Suggested apps for BHL's Life and Literature Code Challenge
Since I won't be able to be at the Biodiversity Heritage Library's Life and Literature meeting I thought I'd share some ideas for their Life and Literature Code Challenge. The deadline is pretty close (October 17) so having ideas now isn't terribly helpful I admit. That aside, here are some thoughts inspired by the challenge. In part this post has been inspired by the Results of the PLoS and Mendeley "Call for Apps", where PLoS and Mendeley asked for people (not necessarily developers) to suggest the kind of apps they'd like to see. As an aside, one thing conspicuous by it's absence is a prize for winning the challenge. PLoS and Mendeley have a "API Binary Battle" with a prize of $US 10,001, which seems more likely to inspire people to take part.
Visual search engine
I suspect that many BHL users are looking for illustrations (exemplified by the images being gathered in BHL's Flickr group). One way to search for images would be to search within the OCR text for figure and plate captions, such as "Fig. 1". Indexing these captions by taxonomic name would provide a simple image search tool. For modern publications most figures are on the same page as the caption, but for older publications with illustrations as plates, the caption and corresponding image may be separated (e.g., on facing pages), so the search results might need to show pages around the page containing the caption. As an aside, it's a pity the Flickr images only link to the BHL item and not the BHL page. If they did the later, and the images were tagged with what they depict, you could great a visual search engine using the Flickr API (of course, this might be just the way to implement the visual search engine — harvest images, tags with PageID and taxon names, upload to Flickr).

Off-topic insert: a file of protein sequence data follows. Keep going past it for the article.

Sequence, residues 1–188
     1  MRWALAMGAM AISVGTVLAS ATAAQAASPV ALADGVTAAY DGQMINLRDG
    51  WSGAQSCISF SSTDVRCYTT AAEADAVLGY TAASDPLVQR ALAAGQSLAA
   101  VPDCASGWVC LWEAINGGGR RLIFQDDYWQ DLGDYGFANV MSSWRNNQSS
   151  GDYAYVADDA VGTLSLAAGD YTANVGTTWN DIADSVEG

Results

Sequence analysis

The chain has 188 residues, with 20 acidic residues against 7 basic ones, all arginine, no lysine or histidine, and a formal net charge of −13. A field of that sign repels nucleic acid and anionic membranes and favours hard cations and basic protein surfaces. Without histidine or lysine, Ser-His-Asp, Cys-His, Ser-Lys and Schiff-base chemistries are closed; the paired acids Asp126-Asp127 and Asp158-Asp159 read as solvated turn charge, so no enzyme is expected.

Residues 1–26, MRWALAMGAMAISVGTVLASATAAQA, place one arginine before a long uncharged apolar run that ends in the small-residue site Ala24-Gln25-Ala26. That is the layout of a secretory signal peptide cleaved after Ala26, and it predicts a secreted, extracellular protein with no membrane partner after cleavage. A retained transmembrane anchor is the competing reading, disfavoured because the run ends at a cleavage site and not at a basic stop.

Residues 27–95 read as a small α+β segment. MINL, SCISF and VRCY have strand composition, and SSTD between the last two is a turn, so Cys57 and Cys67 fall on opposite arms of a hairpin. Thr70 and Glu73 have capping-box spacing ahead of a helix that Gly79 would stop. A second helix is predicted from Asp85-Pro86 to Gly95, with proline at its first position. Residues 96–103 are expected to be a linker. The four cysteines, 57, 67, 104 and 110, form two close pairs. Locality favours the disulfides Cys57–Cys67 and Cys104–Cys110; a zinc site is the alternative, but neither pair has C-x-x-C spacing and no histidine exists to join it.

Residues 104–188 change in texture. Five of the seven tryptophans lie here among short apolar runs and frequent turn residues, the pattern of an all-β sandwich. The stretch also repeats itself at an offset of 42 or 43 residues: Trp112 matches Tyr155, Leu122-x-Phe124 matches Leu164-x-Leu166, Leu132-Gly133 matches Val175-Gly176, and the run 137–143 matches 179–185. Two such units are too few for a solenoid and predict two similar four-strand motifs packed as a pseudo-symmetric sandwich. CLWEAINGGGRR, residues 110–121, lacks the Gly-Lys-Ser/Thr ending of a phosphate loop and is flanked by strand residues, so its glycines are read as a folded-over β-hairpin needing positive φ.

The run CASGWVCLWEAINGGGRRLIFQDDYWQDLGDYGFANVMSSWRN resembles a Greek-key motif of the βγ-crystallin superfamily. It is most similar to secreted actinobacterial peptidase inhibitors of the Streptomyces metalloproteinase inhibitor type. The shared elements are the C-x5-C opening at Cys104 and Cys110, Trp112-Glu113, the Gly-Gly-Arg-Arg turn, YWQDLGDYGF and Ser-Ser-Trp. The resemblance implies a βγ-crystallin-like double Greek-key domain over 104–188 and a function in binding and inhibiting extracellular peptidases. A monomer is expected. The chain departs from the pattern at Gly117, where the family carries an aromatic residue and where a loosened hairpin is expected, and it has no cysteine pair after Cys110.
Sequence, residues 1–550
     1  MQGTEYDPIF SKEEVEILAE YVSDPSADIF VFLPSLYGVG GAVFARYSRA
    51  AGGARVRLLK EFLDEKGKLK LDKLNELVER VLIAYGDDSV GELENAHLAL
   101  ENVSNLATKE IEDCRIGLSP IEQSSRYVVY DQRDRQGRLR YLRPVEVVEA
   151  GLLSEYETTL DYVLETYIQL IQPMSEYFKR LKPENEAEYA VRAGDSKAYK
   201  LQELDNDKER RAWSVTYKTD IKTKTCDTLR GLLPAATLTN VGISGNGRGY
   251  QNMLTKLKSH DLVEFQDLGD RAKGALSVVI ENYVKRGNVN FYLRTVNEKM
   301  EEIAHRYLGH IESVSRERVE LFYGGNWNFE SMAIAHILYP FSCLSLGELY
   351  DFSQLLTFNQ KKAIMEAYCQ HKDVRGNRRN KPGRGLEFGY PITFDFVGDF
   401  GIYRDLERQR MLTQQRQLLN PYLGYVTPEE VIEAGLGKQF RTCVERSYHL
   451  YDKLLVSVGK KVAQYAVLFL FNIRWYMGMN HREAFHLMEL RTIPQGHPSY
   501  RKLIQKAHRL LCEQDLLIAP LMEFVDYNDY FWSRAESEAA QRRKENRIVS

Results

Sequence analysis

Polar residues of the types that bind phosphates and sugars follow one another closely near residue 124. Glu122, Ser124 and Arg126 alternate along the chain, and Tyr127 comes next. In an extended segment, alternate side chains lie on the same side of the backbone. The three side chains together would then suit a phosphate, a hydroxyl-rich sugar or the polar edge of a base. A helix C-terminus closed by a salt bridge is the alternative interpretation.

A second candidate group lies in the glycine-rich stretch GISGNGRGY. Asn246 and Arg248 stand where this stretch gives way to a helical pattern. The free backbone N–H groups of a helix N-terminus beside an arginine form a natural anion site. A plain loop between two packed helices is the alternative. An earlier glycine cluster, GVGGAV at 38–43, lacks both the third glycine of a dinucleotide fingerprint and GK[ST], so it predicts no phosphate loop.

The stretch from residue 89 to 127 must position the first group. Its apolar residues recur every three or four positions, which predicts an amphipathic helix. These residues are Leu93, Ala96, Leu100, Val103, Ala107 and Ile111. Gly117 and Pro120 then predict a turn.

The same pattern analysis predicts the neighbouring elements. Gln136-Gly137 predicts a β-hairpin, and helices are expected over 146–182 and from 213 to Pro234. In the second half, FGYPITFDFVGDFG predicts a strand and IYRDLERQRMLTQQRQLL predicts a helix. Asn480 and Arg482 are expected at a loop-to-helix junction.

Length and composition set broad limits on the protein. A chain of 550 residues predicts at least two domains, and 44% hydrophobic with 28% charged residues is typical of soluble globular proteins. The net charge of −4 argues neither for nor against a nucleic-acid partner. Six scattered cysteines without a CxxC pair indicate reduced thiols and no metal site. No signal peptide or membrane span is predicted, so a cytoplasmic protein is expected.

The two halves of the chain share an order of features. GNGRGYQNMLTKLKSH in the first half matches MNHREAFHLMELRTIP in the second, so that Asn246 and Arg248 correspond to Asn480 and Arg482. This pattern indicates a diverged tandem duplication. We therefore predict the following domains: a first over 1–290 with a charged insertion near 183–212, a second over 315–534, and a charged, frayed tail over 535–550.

The BHL web site doesn't look great on an iPhone. It makes no concessions to the mobile device, and there are some weird things such as the way the list of pages is rendered. A number of mainstream science publishers are exploring mobile versions of their web sites, for example Taylor and Francis have a jQuery Mobile powered interface for mobile users. I've explored iPad interfaces to scientific articles in previous posts. BHL content posses some challenges, but is fundamentally the same as viewing PDFs — you have fixed pages that you may want to zoom.
There is a lot of scope for cleaning up the OCR text in BHL. Part of the trick would be to have a simple use interface for people to contribute to this task. In an earlier post I discussed a Firefox hOCR add-on that provides a nice way to do this. Take this as a starting point, add a way to save the cleaned up text, and you'd be well on the way to making a useful tool.
Taxon name timeline
Despite the shiny new interface, the Encyclopedia of Life still displays BHL literature in the same clunky way I described in an earlier blog post. It would great to have a timeline of the usage of a name, especially if you could compare the usage of different names (such as synonyms). In many ways this is the BHL equivalent Google Books Ngram viewer.
These are just a few hastily put together thoughts. If you have any other ideas or suggestions, feel free to add them as comments below.
- Posted using BlogPress from my iPad